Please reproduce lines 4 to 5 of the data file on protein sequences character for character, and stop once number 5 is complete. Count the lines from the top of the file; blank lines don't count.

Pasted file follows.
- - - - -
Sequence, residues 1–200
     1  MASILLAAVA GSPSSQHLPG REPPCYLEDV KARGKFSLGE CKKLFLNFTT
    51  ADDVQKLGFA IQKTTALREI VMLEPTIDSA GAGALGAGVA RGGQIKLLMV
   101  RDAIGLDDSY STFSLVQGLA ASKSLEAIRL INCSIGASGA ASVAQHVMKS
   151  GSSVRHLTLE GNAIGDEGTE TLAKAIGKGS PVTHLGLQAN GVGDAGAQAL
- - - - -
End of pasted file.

   101  RDAIGLDDSY STFSLVQGLA ASKSLEAIRL INCSIGASGA ASVAQHVMKS
   151  GSSVRHLTLE GNAIGDEGTE TLAKAIGKGS PVTHLGLQAN GVGDAGAQAL